There is pressure on boards for the disclosure of STI hurdles in remuneration reports from proxy advisers. There is an investor desire to have Short Term Incentive (STI) hurdles disclosed alongside the scorecard outcomes. It provides proxy advisers and investors a basis to evaluate and assess the outcomes achieved against the targets set by the board. This may seem strange to some. That is, why cannot investors look at the results achieved and judge for themselves as to whether in an absolute sense that it is worth paying for?
Guerdon Associates has researched ASX STI hurdle disclosure. This article considers the ASX 50. It analyses the disclosure of qualitative measures and the results in the STI from the previous financial year.
Forty-eight of the ASX 50 companies have STI plans. All have quantitative measures. Thirty-three of the 48 (69%) companies have qualitative measures as well.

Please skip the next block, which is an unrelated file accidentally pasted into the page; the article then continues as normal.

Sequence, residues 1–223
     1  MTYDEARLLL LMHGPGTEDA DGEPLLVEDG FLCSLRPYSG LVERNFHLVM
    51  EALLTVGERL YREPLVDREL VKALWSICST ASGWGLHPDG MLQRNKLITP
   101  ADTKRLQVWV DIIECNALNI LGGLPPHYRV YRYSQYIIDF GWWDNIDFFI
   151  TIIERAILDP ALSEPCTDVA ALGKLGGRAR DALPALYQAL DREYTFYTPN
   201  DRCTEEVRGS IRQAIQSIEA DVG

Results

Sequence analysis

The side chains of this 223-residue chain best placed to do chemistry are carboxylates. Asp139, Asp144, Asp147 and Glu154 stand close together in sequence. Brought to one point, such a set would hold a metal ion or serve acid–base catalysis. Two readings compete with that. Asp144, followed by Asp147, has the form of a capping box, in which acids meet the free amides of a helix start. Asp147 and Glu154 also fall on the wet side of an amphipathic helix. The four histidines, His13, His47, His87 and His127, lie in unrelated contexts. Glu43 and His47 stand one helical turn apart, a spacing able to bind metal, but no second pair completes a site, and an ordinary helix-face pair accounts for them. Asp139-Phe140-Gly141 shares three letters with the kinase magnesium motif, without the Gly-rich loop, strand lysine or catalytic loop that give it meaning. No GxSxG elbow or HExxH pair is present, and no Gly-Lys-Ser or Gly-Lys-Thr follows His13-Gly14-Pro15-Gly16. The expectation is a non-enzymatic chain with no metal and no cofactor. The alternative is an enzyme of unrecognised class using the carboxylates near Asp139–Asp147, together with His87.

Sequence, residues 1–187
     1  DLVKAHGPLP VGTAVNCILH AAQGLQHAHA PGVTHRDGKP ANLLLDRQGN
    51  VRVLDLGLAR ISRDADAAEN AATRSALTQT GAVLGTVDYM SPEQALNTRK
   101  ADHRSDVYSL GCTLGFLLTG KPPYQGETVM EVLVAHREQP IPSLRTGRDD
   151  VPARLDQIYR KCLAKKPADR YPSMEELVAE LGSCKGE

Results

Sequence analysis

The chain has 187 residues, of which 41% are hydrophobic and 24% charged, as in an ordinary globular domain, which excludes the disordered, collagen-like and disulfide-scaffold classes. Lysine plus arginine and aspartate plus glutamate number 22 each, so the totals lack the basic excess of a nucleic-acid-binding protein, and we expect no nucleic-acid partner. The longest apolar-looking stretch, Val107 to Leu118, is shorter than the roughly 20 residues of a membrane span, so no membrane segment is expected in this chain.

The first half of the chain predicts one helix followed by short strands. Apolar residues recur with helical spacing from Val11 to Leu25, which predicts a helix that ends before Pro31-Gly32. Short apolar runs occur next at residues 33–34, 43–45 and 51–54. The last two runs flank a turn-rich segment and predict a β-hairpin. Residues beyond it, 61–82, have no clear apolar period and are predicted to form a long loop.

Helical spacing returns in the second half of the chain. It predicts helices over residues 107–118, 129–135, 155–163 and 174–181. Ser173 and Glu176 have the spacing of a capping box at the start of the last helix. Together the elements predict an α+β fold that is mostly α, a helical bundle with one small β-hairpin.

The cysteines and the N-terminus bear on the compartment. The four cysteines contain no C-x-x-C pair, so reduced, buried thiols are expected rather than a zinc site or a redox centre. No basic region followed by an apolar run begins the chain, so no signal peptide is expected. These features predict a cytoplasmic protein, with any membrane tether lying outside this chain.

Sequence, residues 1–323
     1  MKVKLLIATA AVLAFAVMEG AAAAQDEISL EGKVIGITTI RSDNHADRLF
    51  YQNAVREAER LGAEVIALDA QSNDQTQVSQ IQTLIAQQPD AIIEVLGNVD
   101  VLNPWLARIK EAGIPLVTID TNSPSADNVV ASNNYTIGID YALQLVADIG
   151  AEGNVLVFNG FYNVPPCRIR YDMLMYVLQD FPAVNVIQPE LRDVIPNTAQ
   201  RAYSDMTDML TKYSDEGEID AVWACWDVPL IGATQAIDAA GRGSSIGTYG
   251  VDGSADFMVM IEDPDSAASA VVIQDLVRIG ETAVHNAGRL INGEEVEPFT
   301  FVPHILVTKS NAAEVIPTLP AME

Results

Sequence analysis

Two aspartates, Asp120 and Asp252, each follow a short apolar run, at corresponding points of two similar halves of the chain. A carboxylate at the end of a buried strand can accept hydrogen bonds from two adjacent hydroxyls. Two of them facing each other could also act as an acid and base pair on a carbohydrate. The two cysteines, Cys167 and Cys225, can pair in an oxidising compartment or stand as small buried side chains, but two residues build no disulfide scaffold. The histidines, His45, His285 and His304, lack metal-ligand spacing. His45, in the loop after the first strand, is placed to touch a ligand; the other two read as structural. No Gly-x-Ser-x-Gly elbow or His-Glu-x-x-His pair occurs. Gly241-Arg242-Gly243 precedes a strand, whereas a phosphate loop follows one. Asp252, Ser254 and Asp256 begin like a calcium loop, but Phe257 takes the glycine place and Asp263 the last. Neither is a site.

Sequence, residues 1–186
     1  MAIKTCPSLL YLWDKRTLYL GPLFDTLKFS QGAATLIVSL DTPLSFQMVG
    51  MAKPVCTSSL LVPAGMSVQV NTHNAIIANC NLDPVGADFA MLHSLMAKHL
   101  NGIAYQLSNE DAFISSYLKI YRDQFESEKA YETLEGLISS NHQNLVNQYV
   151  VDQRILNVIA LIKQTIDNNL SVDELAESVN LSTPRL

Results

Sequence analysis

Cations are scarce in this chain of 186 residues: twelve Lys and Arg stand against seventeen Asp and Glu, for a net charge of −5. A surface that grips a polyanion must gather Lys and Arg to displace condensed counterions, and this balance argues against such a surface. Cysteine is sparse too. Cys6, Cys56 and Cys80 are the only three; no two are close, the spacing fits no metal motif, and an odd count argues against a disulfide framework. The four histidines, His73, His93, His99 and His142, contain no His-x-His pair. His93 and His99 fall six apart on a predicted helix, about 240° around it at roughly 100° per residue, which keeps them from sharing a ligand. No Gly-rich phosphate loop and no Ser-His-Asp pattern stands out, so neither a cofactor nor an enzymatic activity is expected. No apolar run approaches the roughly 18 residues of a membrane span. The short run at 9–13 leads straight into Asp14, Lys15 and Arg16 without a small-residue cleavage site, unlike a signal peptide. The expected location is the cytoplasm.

Fifteen of the 48 (31%) disclosed all the target hurdles as part of the remuneration report. Twenty-four of the 48 (50%) did not provide any details on the hurdles for the quantitative measures. The remaining 9 companies (19%) disclosed only some of the STI quantitative measure hurdles.
Figure 1: Quantitative measures with hurdles disclosed
In conclusion, boards feeling the heat from proxy advisers and investors to disclose more on the specific requirements of STI hurdles they set can take some comfort from market practices in the larger ASX-listed companies.© Guerdon Associates 2022 Back to all articles